Co-living is becoming more popular among millennials and expats in Singapore. It allows tenants to rent a room within a larger apartment or building rather than a whole apartment or house, making it a more affordable and flexible way of living. Co-living spaces are often modern and trendy, with common areas where residents can socialize and work. They are popular among young professionals and digital nomads because they frequently include unique amenities such as communal kitchens, game rooms, and gyms.
Furthermore, co-living spaces in Singapore are growing in popularity among investors as a promising investment opportunity. With rising demand for co-living spaces, investors can benefit from consistent rental income and long-term property value appreciation. As the demand for co-living spaces grows, it will be interesting to see how the market evolves and adapts to tenants’ and investors’ changing needs.
Pros of co-living from tenant perspective
- Cost Effective – One of the most significant advantages of co-living is that it can be a more cost-effective option than renting an entire apartment or house. Tenants can save money on living expenses by splitting rent and utility bills with their roommates.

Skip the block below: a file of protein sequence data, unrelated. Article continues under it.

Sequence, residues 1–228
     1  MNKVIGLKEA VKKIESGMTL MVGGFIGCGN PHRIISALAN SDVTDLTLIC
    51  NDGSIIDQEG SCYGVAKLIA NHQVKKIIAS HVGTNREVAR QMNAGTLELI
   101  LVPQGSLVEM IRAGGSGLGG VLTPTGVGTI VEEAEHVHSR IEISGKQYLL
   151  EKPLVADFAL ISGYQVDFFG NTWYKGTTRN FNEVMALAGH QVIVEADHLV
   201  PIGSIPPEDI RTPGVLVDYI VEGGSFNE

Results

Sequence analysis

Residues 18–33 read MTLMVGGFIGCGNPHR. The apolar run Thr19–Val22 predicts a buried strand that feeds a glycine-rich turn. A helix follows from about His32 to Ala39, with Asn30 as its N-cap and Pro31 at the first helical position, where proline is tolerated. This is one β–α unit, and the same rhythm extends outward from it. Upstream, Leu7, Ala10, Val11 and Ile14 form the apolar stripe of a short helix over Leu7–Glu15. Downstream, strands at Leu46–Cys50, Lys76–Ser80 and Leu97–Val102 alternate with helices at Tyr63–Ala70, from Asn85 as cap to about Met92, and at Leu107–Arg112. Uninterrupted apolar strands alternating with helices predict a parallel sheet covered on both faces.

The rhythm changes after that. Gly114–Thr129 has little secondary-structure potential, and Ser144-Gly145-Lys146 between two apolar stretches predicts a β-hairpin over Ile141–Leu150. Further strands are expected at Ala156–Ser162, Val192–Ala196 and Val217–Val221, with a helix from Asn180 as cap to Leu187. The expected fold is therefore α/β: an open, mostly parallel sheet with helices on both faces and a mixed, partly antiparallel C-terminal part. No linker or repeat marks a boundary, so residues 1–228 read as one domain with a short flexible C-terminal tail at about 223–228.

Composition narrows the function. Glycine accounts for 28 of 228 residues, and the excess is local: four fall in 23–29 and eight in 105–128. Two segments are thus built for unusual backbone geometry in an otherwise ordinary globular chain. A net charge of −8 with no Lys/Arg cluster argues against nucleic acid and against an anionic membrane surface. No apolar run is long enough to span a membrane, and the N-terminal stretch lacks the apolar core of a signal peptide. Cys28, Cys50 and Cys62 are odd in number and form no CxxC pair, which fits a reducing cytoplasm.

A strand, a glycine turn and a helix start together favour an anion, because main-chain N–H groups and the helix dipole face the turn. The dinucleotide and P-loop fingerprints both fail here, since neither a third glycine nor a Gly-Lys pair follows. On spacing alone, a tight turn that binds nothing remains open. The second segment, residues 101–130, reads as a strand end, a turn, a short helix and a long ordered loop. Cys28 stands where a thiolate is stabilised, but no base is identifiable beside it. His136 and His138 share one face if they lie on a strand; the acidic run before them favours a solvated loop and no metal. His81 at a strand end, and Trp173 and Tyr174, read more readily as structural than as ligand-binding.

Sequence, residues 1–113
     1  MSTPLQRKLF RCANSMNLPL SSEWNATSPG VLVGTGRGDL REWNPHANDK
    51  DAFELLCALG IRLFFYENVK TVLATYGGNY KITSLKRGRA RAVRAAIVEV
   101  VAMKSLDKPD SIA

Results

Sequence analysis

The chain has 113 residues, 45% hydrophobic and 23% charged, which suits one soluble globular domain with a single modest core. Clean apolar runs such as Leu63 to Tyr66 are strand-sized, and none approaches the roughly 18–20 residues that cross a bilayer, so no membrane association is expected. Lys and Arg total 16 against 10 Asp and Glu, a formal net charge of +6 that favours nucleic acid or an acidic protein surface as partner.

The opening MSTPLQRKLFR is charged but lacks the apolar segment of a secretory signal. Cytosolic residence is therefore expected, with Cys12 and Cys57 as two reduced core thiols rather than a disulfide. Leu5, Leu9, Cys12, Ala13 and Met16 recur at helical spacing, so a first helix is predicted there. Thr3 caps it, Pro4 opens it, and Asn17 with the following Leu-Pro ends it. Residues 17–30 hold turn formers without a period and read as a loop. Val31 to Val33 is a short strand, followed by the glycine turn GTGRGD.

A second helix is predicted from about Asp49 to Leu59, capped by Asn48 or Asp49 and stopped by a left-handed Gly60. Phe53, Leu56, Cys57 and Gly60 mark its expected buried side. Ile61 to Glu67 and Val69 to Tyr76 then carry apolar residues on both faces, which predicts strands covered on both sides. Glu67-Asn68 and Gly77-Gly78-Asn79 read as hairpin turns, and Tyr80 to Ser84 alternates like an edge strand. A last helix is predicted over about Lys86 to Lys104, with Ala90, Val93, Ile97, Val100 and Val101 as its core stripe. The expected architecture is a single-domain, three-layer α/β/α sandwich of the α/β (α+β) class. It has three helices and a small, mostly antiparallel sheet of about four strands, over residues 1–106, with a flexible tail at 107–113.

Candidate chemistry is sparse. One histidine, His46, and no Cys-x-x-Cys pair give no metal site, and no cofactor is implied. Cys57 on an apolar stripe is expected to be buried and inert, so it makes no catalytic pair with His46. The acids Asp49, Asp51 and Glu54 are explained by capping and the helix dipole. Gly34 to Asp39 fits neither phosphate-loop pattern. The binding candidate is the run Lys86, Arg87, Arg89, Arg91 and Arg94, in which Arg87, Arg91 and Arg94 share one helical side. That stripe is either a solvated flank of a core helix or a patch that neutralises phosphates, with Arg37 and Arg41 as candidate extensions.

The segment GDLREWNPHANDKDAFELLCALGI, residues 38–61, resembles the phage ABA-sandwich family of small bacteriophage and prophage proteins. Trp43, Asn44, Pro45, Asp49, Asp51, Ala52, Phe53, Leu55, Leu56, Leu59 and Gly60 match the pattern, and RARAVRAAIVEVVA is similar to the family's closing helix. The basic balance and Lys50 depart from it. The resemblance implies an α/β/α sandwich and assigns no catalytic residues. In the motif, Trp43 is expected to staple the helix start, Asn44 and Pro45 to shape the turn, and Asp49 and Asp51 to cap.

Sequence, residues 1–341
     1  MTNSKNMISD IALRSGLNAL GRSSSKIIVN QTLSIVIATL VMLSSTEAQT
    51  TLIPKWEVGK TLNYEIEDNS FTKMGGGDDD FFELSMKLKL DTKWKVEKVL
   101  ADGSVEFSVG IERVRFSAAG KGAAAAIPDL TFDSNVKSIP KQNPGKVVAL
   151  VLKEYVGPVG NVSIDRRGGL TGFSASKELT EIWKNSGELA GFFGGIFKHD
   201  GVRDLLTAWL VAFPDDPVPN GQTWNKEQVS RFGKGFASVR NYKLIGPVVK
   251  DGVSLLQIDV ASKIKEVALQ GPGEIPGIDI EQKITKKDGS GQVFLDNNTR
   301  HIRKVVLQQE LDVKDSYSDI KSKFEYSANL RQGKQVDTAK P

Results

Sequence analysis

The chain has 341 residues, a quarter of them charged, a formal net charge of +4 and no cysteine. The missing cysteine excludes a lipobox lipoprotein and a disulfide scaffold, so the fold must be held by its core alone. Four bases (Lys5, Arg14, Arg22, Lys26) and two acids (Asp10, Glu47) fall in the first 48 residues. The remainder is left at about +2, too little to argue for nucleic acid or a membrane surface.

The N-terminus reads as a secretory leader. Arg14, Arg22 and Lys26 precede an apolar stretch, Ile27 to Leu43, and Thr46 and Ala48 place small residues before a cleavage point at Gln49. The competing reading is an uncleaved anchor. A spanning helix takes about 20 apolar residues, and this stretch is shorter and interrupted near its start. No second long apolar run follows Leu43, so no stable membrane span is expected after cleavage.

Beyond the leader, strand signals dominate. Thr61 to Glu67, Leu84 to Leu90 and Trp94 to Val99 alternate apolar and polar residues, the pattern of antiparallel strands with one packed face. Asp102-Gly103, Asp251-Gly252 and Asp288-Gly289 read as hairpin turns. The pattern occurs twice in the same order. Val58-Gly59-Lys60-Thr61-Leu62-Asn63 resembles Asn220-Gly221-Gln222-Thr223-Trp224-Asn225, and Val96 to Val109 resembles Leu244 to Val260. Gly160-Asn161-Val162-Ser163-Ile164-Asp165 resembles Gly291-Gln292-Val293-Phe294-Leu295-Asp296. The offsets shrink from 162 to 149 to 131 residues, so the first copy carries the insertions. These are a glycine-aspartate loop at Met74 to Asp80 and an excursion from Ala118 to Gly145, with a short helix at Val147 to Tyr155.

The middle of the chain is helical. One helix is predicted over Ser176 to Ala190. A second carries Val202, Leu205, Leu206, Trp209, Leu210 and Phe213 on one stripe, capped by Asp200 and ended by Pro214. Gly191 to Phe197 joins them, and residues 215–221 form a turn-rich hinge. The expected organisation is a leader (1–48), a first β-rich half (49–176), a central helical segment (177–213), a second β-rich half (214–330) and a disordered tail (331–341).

- Community living – Co-living spaces are intended to encourage interaction and socialization among tenants. This can be an excellent way for tenants to meet new people and develop a sense of community, particularly if they are new to the area.
- Flexibility – Unlike traditional rentals, co-living spaces allow tenants to rent a room for a shorter period of time, such as a few months, rather than being locked into a long-term lease.
On the flipside..
- Lack of privacy – One disadvantage of co-living is that finding privacy in a shared living space can be difficult. Tenants may have to share common areas with their roommates, such as the kitchen and living room, which can be difficult if they have very private personalities.
- Limited personal space – While co-living can save money, tenants may have to give up personal space. Tenants may only have a small bedroom to call their own in a shared living space, making it difficult to store their belongings or have their own personal space. Storage space might pose an issue for some.
- Potential conflicts with roommates – like renting in the traditional way, you would also have “neighbours” in co-living. If tenants do not get along with their roommates, co-living can be difficult. While co-living spaces are intended to foster community, conflicts can arise if roommates have opposing lifestyles or schedules. This is especially difficult if tenants share a small living space, as conflicts can quickly escalate.
Are you for or against co-living? Feel free to share it to someone who is facing this question right now 🙂